How the rotation and bullpens are constructed, with the first influencing the second, are the biggest spring training curiosities for me and many others. The final bench spot must be monitored, with a non-roster, left-handed hitting first baseman hoping to crash the opening day party in Boston.
I’ve already filled this space with some spring training storylines. Here’s a recent story.
What else is worthy of our attention besides the exhilarating pitchers fielding practice and bunt drills?
I’ll take a swing at it with some quick hits.
Every Kyle Gibson side session and appearance is noteworthy because the Orioles gave him $10 million guaranteed, their largest deal since hiring Mike Elias, and he could move near or at the top of the rotation. They expect more out of him than just innings, though they'll gladly take those, as well. He's bound to draw comparisons to Jordan Lyles, the pitcher he basically is replacing.
What kind of season are you expecting from Gibson?
Carrying a Rule 5 selection is harder for teams that are trying to contend and can’t sacrifice wins in order to evaluate players and provide them with major league experience. Right-hander Andrew Politi must be able to get outs in some high-leverage situations, because stashing him and waiting for blowouts is a flawed plan. The Orioles will take a long look at him in camp.
Does Politi make the team?
John Means is coming back from Tommy John surgery. He’s posted video of his flat-ground throwing, and his workouts will be a source of media curiosity, including how much he progresses in six weeks. He's a big deal in any condition.
When will Means come off the injured list?
Gunnar Henderson is expected to be the starting third baseman on opening day, but the club hasn’t issued that statement. It seems like more of an assumption, and where he does most of his drills and gets most of his innings in exhibition games will draw our interest. Manager Brandon Hyde prefers Henderson on the left side of the infield and Jorge Mateo won a Fielding Bible Award at shortstop. Adam Frazier is primarily a second baseman and Ramón Urías, the Gold Glove winner at third, might be moving around the infield.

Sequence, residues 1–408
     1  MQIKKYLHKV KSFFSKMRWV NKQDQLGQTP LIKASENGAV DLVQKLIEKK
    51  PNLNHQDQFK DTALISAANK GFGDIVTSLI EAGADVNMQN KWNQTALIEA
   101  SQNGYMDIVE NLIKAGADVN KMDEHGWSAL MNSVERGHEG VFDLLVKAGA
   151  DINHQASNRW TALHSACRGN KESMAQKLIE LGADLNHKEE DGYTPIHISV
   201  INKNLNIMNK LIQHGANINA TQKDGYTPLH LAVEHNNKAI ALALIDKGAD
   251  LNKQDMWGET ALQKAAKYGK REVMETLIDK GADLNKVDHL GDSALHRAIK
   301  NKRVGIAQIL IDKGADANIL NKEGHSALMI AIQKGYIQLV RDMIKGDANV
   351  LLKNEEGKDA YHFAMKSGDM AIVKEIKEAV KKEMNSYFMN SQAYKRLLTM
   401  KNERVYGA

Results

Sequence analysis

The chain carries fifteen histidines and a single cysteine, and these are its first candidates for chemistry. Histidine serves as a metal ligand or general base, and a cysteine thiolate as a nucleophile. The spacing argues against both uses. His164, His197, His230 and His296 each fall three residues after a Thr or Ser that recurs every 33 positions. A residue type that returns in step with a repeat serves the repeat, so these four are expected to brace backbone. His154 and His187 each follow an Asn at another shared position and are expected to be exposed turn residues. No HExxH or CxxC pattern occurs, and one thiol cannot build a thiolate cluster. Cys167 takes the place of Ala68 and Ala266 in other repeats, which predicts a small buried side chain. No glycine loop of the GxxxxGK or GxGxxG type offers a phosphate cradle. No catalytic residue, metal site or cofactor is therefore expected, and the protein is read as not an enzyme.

Where will Henderson make most of his starts this season?
Every player on the 40-man roster has an automatic ticket to camp, though a few are rehabbing after surgery. The Orioles are getting closer to announcing their non-roster invites. I wrote yesterday about some of the obvious names - Ryan O’Hearn, Lewin Díaz, Nomar Mazara, Franchy Cordero, Daz Cameron, Josh Lester, Colton Cowser, Jordan Westburg, Anthony Bemboom and Mark Kolozsvary – and speculated on others.
Which non-roster player has the best chance to make the opening day roster?
Díaz is his own story, separated from the pack based on his crazy offseason. A player who otherwise might not receive much attention will find a crowd at his locker. We’ll want to get his thoughts on the five times he was designated for assignment. The one trade. The spinning of the head.
Does Díaz stay in the organization for the entire season?
Spring training injuries happen. The Orioles didn’t even make it to the first official day of camp last year before losing Adley Rutschman to a strained triceps and Heston Kjerstad to a strained hamstring. But the regular season was relatively calm, with some notable exceptions: Means, Dean Kremer, Kyle Bradish and Tyler Wells. The Orioles had the fewest players on the injured list. Hyde will be asked almost daily about his team’s health in camp.
Which player can the Orioles least afford to lose for an extended period?
I'm less than a month away from flying into Sarasota, the Southwest gods willing. The workload is heavy and it becomes a grind, no matter how high the temperatures and blue the sky. The alarm goes off early each day and there's lots to track. But copy is plentiful for beat writers who endure some dead periods in the offseason. It's especially rough without any breaks.
Is Roch running out of story ideas?